A trust is a beneficial legal document that serves a role in asset management, estate planning, charitable giving, and tax liability reduction.
There are many kinds of trusts, which are used for different purposes, but some of the common characteristics you may see, are:
- It is in the form of a Written Agreement: A trust agreement defines the scope of the trust, its participants and their respective benefits and/or obligations as delineated in the agreement.
- Settlor(s): A person or entity that creates the trust is called a “settlor” or may sometimes be called a “grantor” or a “trustor.”
- Trustee(s): One or more appointed persons who manage the trust in accordance with the terms of the trust.
- Beneficiaries: Those who benefit from the trust are called the “beneficiaries.”
Revocable and Irrevocable Trusts
In addition to these four common characteristics listed above, trusts are divided into two main categories of revocable or irrevocable. A revocable trust can be changed or terminated by the settlor or the grantor for any reason that is not prohibited in the trust agreement.
An irrevocable trust cannot be changed or terminated by the grantor for any reason whatsoever. An irrevocable trust is permanent. This type of trust should only be used when that condition is completely understood. Consult with an Orlando trust attorney to get a legal review before signing any trust documents.
Types of Trusts
As mentioned, there are many types of trusts; however, below are some examples of common trusts with a brief explanation about what they are used for and what they are meant to accomplish. Trust laws are complex, and a trust document is very substantial, so be sure to work with a competent Florida trust attorney to create a trust agreement properly to make sure it does what you want it to do.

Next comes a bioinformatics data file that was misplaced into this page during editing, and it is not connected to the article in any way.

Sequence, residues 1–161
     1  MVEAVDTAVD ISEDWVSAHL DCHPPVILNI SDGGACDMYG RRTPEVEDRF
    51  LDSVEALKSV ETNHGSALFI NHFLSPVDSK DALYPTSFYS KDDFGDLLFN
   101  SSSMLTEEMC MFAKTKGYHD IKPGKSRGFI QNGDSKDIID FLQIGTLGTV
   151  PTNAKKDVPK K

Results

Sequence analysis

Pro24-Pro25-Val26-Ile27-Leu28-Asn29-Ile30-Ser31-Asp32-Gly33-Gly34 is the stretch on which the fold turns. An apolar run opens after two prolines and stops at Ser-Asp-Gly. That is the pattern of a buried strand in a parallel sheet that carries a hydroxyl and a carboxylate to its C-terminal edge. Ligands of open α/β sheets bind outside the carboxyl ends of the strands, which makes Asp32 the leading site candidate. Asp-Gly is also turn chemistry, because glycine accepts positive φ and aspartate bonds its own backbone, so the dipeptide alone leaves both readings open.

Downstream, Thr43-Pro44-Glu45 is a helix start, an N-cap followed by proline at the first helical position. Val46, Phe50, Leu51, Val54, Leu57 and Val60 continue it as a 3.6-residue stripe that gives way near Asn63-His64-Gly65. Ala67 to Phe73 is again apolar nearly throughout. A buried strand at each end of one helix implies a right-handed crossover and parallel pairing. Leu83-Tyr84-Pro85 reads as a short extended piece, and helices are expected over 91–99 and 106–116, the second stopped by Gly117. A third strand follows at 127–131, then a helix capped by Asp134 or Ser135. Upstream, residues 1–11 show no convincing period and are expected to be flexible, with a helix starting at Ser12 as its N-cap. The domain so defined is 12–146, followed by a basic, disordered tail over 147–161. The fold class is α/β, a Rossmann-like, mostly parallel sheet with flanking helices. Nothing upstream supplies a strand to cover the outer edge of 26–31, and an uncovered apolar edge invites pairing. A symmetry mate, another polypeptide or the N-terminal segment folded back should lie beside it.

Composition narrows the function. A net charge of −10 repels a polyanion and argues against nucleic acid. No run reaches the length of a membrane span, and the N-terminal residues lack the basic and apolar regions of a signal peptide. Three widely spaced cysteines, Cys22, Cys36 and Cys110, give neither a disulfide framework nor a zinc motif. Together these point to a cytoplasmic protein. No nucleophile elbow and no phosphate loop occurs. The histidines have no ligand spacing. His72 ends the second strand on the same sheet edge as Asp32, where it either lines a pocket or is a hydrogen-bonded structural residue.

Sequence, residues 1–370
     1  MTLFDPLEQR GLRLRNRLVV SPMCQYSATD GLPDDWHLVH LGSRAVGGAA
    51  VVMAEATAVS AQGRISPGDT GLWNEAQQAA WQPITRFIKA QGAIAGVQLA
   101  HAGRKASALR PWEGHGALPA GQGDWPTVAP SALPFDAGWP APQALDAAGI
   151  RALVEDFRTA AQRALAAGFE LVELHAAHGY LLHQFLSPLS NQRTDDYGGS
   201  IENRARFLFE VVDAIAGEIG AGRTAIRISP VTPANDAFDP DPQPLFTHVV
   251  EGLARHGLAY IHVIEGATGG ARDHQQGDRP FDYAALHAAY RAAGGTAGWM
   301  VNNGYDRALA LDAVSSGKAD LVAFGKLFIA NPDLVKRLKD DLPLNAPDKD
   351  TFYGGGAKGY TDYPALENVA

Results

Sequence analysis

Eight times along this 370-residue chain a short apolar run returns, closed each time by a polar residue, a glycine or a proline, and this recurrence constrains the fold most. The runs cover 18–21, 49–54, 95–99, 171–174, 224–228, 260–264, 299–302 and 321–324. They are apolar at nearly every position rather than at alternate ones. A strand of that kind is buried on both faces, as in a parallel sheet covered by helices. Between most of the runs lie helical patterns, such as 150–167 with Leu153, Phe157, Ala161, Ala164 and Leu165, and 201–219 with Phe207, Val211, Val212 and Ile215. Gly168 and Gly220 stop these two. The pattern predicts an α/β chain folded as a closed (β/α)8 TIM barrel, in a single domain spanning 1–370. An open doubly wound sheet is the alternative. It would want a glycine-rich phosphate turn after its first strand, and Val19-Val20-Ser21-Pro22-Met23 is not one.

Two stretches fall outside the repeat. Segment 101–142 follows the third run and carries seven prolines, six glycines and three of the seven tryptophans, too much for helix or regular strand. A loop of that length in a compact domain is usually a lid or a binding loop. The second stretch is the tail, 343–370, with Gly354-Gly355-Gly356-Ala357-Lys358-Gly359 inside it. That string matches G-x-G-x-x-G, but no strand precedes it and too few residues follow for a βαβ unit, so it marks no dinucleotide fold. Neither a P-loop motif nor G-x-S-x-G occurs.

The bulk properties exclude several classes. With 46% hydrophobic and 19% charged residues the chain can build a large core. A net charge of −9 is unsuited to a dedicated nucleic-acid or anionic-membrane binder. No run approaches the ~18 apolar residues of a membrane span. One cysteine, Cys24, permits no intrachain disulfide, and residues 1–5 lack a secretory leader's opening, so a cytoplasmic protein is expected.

Trusts are not just for wealthy people. Anyone can benefit from using a trust.
Here are some common trusts:
- Testamentary Trust: A testamentary trust is created upon a person’s death as delineated in his or her last will and testament.
- Living Trust: A living trust is created while the person is still alive. One common use for a living trust is to transfer assets between spouses easily. This is also one way to avoid probate if one of them dies. Probate is a state-administered judicially supervised process of the disposition of assets under a person’s will.
- Charitable Trust: A charitable trust is used to donate to a charitable organization. Charitable trusts may result in an income tax deduction and may also minimize capital gains and estate taxes.
- Family Trust: A family trust is set up to pass assets to surviving family members. There are many varieties of these trusts.
There are so many kinds of trusts and each trust has its respective pros and cons so it is best to work with an attorney when creating one. Describe what you want to achieve and let your attorney advise about how best to proceed. Be extremely careful regarding who you select to be your trustee(s) because a trustee will likely have very broad authority over the management of your assets in the trust. Not to overstate to state the obvious, but you need to be able to “trust” a trustee completely.
Contact Nishad Khan P.L. if you need help with creating or reviewing a trust document.